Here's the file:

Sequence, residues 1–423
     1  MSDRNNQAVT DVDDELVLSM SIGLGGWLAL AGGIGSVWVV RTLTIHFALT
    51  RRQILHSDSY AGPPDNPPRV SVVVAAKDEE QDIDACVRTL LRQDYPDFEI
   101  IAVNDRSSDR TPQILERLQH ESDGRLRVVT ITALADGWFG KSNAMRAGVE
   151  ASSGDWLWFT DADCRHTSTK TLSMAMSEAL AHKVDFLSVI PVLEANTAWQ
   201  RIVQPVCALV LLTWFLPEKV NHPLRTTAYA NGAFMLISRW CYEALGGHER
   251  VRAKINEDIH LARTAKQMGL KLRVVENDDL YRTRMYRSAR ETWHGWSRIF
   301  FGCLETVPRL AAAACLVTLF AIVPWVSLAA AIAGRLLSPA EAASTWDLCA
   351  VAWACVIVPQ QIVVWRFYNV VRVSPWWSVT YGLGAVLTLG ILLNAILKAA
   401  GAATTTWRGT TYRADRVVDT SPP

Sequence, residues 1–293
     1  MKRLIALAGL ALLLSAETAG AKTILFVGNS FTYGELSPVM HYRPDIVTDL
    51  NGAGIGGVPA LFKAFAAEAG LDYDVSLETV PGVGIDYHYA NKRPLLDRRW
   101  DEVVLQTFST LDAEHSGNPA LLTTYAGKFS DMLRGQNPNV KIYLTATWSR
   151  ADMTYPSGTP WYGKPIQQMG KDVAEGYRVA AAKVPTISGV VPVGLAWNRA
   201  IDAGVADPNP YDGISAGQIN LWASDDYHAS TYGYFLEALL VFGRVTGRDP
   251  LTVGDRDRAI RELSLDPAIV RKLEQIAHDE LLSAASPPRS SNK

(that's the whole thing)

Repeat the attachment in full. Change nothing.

Sequence, residues 1–423
     1  MSDRNNQAVT DVDDELVLSM SIGLGGWLAL AGGIGSVWVV RTLTIHFALT
    51  RRQILHSDSY AGPPDNPPRV SVVVAAKDEE QDIDACVRTL LRQDYPDFEI
   101  IAVNDRSSDR TPQILERLQH ESDGRLRVVT ITALADGWFG KSNAMRAGVE
   151  ASSGDWLWFT DADCRHTSTK TLSMAMSEAL AHKVDFLSVI PVLEANTAWQ
   201  RIVQPVCALV LLTWFLPEKV NHPLRTTAYA NGAFMLISRW CYEALGGHER
   251  VRAKINEDIH LARTAKQMGL KLRVVENDDL YRTRMYRSAR ETWHGWSRIF
   301  FGCLETVPRL AAAACLVTLF AIVPWVSLAA AIAGRLLSPA EAASTWDLCA
   351  VAWACVIVPQ QIVVWRFYNV VRVSPWWSVT YGLGAVLTLG ILLNAILKAA
   401  GAATTTWRGT TYRADRVVDT SPP

Sequence, residues 1–293
     1  MKRLIALAGL ALLLSAETAG AKTILFVGNS FTYGELSPVM HYRPDIVTDL
    51  NGAGIGGVPA LFKAFAAEAG LDYDVSLETV PGVGIDYHYA NKRPLLDRRW
   101  DEVVLQTFST LDAEHSGNPA LLTTYAGKFS DMLRGQNPNV KIYLTATWSR
   151  ADMTYPSGTP WYGKPIQQMG KDVAEGYRVA AAKVPTISGV VPVGLAWNRA
   201  IDAGVADPNP YDGISAGQIN LWASDDYHAS TYGYFLEALL VFGRVTGRDP
   251  LTVGDRDRAI RELSLDPAIV RKLEQIAHDE LLSAASPPRS SNK